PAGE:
Friday November 28, 2014

Hay shows country may work after all


It wasn’t the biggest news story you read last week nor was it the most political.

But it was a nice story ... and nice reminder that this country still works. And it comes along a time when some of us may be beginning to harbour other thoughts.

The story from the Agriculture Producers Association of Saskatchewan was all about a national coalition of Canadian farm groups launching what is know as the Hay East 2012 program to assist Ontario and Quebec livestock producers dealing with severe drought this summer.

“We clearly have a pressing need in Ontario and farmers in Western Canada are prepared to assist our livestock producers,” said Mark Wales president of the Ontario Federation of Agriculture. “Now we need the support of our federal and provincial governments, the railways, corporate partners and other stakeholders to make this effort have a real impact on the ground.”

It’s a great gesture by Western farmers and ranchers. But if sounds a little familiar to you, it’s because it is. A decade ago in 2002 when Western farmers and ranchers were experiencing drought problems, it was Ontario and Quebec farmers who launched an identical program called Hay East.

About 110,000 tonnes of hay were shipped west from benevolent Eastern farmers and millions of dollars was raised through fund-raising to make the rail shipments possible.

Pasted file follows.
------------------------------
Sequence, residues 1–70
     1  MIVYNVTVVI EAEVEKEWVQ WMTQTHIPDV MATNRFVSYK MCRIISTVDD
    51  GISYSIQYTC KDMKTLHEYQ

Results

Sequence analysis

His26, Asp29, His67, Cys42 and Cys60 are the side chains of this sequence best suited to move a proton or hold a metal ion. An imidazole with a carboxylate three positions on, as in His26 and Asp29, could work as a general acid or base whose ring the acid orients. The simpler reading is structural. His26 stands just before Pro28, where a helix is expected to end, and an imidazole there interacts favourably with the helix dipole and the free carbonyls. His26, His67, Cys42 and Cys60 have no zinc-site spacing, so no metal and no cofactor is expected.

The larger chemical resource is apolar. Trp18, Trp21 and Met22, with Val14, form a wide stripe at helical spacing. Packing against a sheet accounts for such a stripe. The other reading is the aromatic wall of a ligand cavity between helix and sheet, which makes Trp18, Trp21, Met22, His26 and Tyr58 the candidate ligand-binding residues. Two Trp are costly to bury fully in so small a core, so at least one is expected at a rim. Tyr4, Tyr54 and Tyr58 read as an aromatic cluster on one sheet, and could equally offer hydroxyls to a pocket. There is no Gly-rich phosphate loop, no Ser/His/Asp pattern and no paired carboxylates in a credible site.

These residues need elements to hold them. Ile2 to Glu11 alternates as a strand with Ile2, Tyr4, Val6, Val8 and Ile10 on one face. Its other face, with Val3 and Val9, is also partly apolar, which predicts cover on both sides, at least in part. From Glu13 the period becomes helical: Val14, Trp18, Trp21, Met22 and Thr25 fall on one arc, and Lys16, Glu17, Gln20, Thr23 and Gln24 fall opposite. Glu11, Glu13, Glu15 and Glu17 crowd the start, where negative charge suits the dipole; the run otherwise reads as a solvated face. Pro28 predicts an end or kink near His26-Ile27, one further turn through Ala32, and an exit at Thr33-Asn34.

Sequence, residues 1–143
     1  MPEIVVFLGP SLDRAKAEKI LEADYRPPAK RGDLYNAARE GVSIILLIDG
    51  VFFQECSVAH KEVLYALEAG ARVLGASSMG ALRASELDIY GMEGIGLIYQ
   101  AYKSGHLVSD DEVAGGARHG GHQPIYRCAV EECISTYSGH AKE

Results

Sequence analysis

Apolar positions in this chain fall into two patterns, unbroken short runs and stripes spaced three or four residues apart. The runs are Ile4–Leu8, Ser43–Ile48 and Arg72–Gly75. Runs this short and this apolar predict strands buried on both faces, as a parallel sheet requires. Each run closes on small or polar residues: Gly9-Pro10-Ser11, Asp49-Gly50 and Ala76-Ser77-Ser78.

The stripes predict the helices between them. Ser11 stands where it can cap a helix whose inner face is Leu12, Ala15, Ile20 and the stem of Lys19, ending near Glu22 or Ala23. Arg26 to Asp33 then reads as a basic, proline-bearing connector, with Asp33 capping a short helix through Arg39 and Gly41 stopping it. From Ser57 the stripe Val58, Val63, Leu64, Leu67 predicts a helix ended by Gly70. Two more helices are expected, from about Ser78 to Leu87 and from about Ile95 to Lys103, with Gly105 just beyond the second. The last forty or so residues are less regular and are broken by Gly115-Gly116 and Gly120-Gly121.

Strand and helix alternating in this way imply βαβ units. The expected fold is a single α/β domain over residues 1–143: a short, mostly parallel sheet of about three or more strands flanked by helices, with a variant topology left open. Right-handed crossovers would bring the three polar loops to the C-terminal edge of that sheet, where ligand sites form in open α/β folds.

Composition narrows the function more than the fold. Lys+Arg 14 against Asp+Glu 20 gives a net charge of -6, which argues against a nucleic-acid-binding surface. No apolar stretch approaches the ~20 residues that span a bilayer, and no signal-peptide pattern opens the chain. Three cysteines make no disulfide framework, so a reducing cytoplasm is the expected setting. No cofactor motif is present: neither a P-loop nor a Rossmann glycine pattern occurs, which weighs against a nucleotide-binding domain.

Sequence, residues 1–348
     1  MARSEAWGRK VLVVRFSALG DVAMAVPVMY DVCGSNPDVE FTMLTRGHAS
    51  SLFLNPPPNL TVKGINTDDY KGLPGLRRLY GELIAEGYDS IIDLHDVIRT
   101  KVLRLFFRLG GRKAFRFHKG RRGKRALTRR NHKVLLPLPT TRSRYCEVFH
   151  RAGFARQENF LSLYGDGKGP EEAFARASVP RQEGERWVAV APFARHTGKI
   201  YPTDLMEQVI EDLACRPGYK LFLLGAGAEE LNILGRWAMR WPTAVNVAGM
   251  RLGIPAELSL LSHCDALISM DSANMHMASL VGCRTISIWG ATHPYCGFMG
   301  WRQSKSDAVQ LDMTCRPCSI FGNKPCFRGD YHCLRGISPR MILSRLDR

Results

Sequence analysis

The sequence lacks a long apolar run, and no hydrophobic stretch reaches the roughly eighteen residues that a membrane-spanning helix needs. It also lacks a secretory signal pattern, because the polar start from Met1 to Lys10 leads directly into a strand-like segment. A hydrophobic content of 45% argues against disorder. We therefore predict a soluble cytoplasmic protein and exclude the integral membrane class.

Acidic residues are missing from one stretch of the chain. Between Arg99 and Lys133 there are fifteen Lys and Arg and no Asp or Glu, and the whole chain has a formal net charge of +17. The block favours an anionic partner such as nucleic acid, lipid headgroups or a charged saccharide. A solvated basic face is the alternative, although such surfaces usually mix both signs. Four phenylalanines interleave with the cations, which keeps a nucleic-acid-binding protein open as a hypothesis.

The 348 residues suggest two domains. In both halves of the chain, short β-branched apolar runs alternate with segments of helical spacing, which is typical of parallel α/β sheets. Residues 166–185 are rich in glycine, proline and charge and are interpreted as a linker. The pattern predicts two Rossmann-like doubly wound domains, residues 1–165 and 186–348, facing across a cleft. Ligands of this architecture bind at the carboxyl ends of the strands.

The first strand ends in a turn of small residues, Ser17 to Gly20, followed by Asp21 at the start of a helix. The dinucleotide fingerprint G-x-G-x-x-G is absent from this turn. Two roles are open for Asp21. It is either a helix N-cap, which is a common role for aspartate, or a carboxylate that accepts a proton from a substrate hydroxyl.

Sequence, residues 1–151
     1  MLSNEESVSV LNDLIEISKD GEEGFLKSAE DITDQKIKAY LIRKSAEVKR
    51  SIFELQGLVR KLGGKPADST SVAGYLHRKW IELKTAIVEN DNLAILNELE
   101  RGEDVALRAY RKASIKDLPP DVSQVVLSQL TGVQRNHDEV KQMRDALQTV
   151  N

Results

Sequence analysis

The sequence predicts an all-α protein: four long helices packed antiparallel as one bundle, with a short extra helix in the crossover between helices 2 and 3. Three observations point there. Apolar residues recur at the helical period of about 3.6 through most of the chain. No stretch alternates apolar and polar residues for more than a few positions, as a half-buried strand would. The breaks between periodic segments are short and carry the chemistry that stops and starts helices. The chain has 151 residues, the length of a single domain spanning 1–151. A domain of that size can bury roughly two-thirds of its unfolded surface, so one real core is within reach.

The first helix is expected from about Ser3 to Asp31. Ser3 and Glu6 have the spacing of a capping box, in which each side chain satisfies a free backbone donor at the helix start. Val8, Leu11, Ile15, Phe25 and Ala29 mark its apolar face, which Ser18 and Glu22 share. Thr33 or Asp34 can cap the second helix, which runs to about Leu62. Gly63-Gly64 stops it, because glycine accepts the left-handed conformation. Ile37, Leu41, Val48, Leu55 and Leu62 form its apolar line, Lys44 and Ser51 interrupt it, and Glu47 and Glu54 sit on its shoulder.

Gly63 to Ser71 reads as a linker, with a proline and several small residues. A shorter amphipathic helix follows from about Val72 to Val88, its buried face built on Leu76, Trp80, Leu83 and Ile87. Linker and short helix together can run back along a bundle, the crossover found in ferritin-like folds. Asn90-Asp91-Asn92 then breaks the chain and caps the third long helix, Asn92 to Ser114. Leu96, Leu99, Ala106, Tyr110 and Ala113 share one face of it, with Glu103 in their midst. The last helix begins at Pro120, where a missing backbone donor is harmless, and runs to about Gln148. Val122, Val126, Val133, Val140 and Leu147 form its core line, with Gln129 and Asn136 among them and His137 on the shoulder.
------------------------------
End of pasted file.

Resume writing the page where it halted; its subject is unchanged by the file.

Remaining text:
Some 10 years later, appreciative Western farmers and ranchers are now eager to return the favour.

“As we head into the final stretches of harvest across much of the province and start turning our thoughts towards thanksgiving, I think it’s time for all of us in the west to take a moment to think of those less fortunate than ourselves,” said APAS President Norm Hall.

“In 2002, Eastern farmers shipped us thousands of bales of hay to help save our herds from starvation. It’s ten years later and the time has come for us to give back to the people who helped us when we needed it.”

In the great scheme of what’s going on in our country today, this nice little program demonstrating Canadians helping other Canadians is really no big deal.

But it is more than a little ironic that the Hay West program comes along at a time when a separatist government in Quebec is again raising the hackles of Westerners.

The election of a Parti Quebecois minority government was met with an immediate response from Saskatchewan Premier Brad Wall, warning that Prime Minister Stephen Harper better not give any more special considerations to Quebec to appease the separatists.

Admittedly, it’s hard to argue against Wall’s sentiment. The threat of separation and the never-ending demands from Quebec government have clearly worn down Westerners’ patience. Add to this the growing sentiment in resource rich West that if Quebec wants to go so badly, maybe no is the time they should go.

But maybe a lot of people aren’t really thinking this through to its final conclusion.

To begin with, at least half of Quebecers clearly want to remain Canadians _ a number that would likely be higher when push comes shove.

What about the rest of us, though? What do we stand lose?

Well, the loss of Quebec will make it exceedingly tough keep the remainder of the federation together including both Ontario and the Atlantic provinces. So really, what’s always at stake here is our entire country _ all that it is and all that it represents.

We are a nation from sea-to-sea-to-sea that we’ve made work for the past 145 years simply because what has brought us together has always been stronger than what has divided us.

Sure, there are differences from region to region. Those differences run even deeper when it comes to Quebec. Moreover, what unites is sometimes hard to define.

But sometimes it’s sharing in a time of need. Sometimes it’s a simple as bale of hay.

Murray Mandryk has been covering provincial politics for over 15 years.



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